Apologies. Somehow, last Friday’s column was truncated in transmission; and while I was quite put out when the mishap was brought to my attention, it allowed me the chance to fine-tune my invention. So, let’s get back into the workshop, shall we?
I had paused, just at the point where the break occurred last week, to think of what else I would need to put into this man I’m making and on whom to model him. But knowing how stories get tossed about, and to avoid being accused of wandering eyes or light ears, I decided it was safer to hark back to the Bible for inspiration.
Now, Adam, the so-called first man, for all the blame he has endured, was really not a bad feller if you look at things objectively. Silly macho men and some resentful preachers call him weak, but I prefer to ascribe to him my favourite adjective: uxorious. The man just loved his wife to distraction and was trying to please her; that’s all. And though they lost Paradise and he was sentenced to sweat in order to eat bread (which is quite okay by me, since I despise men who don’t work), never have I read anywhere in Genesis, or beyond, that, behold, Adam lifted up his arm and smote the woman. And even after they discovered there were other people living beyond the gates of Eden, there is no record, either, that he ever took the fruit of his field to another woman’s tent, leaving Eve (Cain and Abel being gone) without bread or raiment. So, for dedication to his wife, in spite of his change in fortune, I would incorporate Adam into my composite man.
You know, I would have to stir in, as well, several facets of King David, the Biblical figure of whom I am most fond, because he was so real, so flawed, so human, among a group of fellers whose primary job, it seems, was to play god and pass judgment. Here was a man who loved music, loved good wine, and, when so moved, would dance until his clothes fell off. In other words, while he loved God (and, Lord, did God love him!), he loved this earthly life, as well, and knew how to appreciate it.
He also knew how to be tight with his best male-friend without losing an iota of appreciation for women. I love, especially, that, despite his thousand wives and ten thousand concubines, the woman who caught his eye, to the point where he just had to have her, was one who, by inference, looked like me and you, Sisters: black and comely, as Scripture confirms of her son Solomon. So, for his joie de vivre and discriminating eye, I’m adding a measure of David.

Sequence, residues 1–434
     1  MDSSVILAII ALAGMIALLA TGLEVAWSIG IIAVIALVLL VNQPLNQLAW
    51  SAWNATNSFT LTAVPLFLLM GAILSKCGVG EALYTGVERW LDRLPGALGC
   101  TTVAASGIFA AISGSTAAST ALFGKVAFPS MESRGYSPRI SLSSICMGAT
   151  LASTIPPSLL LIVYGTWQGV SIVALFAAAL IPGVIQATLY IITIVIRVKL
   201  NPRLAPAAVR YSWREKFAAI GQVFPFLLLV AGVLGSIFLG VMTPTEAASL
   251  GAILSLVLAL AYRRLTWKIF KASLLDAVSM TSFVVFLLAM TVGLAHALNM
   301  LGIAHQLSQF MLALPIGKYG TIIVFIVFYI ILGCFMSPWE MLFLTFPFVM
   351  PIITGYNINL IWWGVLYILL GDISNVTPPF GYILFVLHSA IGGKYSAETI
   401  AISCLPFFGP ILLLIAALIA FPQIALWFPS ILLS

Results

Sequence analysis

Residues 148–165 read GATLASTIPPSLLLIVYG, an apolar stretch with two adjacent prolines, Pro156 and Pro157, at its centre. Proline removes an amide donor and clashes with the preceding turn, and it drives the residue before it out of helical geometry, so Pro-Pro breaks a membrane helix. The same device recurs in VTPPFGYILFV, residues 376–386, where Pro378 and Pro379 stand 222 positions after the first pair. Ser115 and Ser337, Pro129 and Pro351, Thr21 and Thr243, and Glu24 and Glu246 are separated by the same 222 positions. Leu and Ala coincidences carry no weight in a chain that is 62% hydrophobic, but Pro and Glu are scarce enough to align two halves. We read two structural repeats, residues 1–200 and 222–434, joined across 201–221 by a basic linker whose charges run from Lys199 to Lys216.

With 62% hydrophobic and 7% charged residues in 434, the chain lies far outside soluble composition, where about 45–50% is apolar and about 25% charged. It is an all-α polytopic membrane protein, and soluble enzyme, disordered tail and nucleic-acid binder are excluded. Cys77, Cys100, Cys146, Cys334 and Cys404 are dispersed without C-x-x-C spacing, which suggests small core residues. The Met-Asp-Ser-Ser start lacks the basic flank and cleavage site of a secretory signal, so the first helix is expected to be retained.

Now, since the son inherited his dad’s talent for composition, I have to stir in two pints of Solomon, too. I mean, just check out his book in the Old Testament. That love story alone is enough to have turned the Kindle into the Kindle Fire, carrying as much heat as it does. But, seriously, this wise king understood what millions of men, living and dead, have failed to get: Women love men who talk to them. And I don’t mean barking orders or relating stories from the office, either.
Listen to this: “O my dove, that art in the clefts of the rock, in the secret places of the stairs, let me see thy countenance, let me hear thy voice; for sweet is thy voice, and thy countenance is comely….” Those are the type of lyrics the Queen of Sheba travelled weeks to hear.
Today, however, the best a discriminating woman my age can hope to get, from a few decades back, is Brother Bob’s, “When I see you around the corner, you make me feel like a sweepstakes winner,” or, maybe, a little “rock-away/drift-away” sweetness from Beres Hammond. Either way, it’s all second-hand in an age where, I am told, men do their courting on Facebook and then break up with a woman by text-message. And even then, she doesn’t get the courtesy of a few good words; just a “C u l8r,” accompanied by , if she was really nice or he’s in a talkative mood.
I really am trying hard not to be superficial, Sisters, but I confess that my composite man must also be attractive, like I imagine Sampson, the strongman, was. I choose not to say “handsome,” because that is rather subjective, and a feller with the right lyrics and the right amount of demonstrated care can be an Adonis in some cases. But I must confess that, earlier this week, when one of my few acknowledged hunks told me he was relocating, my heart slid into the toes of my sling-backs. For while a suggestive word has never been exchanged between us, it’s enough for me just to look at that man. So, since I would hope to be gazing at my composite man for a long, long time to come, I wouldn’t want to have to remove my glasses to blur his features.
It should go without saying, but my hand-made feller must also be intelligent; and that, obviously, was Sampson’s shortcoming. For all his beautiful flowing locks, there wasn’t much going on under them, apparently, or else he would’ve known, after the first two times that she tried to sic the Philistines on him, that Delilah was big-big trouble. So my composite man must be smart enough to stay at home, where he’s safe with me, and not go lusting after strange women.
Finally, because this recipe is getting long and too many ingredients complicate things, this man must be clean. I’ve never seen it in the Bible, but I had it drilled into me during my youth: Cleanliness is next to godliness. And the words of my mother and her sisters are gospel to me.
… Anyway, I think it’s time I put this man into the kiln to bake, see, Sisters. And you just keep your fingers crossed that this upgraded model turns out okay; because, as a bright-bright feller said to me just last week: When God made man, She was joking….